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The Affluent Society Revisited$
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Mike Berry

Print publication date: 2013

Print ISBN-13: 9780199686506

Published to Oxford Scholarship Online: January 2014

DOI: 10.1093/acprof:oso/9780199686506.001.0001

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The Moral Order

The Moral Order

Chapter:
(p.172) 13 The Moral Order
Source:
The Affluent Society Revisited
Author(s):

Mike Berry

Publisher:
Oxford University Press
DOI:10.1093/acprof:oso/9780199686506.003.0013

This chapter reflects on the overarching ethical stance implicit in The Affluent Society, and further developed in Galbraith’s last book, The Good Society. His position is compared to the theory of social justice put forward by Amartya Sen and contrasted to that of John Rawls. Galbraith’s aim, as always, was to analyze modern capitalism in the attempt to improve it, a project that required a pragmatic grasp of both the political and ethical dimensions of life in ways that were noticeably absent from orthodox economics but which allowed the latter to dismiss him as ‘unscientific’. The moral challenges that Galbraith posed still resonate in the public policy context, especially as policymakers strive to avoid repetition of the mistakes that led the world to the bring of another Great Depression.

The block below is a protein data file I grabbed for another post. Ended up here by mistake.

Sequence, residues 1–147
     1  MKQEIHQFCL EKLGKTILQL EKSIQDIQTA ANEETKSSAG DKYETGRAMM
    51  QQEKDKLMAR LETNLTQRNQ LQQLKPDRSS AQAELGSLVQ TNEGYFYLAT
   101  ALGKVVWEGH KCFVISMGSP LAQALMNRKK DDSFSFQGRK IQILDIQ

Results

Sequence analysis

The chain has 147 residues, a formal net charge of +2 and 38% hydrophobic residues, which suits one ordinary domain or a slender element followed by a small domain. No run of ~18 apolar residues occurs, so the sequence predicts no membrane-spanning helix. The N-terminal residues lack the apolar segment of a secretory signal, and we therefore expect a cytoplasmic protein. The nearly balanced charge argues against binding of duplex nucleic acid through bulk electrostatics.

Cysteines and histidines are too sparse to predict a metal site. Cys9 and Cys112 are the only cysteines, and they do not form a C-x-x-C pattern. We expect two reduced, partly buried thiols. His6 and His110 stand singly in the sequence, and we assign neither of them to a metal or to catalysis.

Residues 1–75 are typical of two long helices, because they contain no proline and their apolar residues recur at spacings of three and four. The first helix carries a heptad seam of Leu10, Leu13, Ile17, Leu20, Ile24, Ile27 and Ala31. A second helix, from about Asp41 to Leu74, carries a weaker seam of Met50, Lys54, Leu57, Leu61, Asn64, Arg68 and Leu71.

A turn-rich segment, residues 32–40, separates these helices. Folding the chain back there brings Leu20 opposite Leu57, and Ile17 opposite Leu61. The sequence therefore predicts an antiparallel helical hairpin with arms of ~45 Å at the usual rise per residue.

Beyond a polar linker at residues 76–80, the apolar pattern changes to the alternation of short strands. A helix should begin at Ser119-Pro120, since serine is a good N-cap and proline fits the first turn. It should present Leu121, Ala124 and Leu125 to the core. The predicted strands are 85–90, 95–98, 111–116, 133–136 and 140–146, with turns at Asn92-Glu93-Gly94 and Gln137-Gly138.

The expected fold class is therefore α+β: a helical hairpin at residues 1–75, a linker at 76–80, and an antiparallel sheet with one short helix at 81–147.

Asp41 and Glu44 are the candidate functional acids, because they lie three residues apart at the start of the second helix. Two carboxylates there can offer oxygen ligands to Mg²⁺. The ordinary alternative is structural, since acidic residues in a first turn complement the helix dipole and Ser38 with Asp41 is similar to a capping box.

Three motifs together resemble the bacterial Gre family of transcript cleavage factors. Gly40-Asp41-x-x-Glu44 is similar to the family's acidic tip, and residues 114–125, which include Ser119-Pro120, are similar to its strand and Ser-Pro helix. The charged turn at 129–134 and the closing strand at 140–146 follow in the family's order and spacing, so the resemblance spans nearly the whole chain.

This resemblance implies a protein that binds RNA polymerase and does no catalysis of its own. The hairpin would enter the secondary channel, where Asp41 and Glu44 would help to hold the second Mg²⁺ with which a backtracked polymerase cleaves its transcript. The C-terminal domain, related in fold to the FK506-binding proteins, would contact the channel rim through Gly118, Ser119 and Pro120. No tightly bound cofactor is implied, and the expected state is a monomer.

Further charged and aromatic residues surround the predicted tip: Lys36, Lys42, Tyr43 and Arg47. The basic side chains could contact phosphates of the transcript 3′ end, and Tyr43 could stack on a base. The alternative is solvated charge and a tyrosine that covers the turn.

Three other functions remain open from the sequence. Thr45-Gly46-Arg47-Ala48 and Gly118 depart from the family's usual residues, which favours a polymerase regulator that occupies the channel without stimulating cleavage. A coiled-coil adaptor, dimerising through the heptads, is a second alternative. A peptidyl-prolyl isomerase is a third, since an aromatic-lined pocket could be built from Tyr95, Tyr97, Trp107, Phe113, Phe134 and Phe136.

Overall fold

Keywords:   Ethics, social the good society, justice, moral challenges, pragmatismvoting

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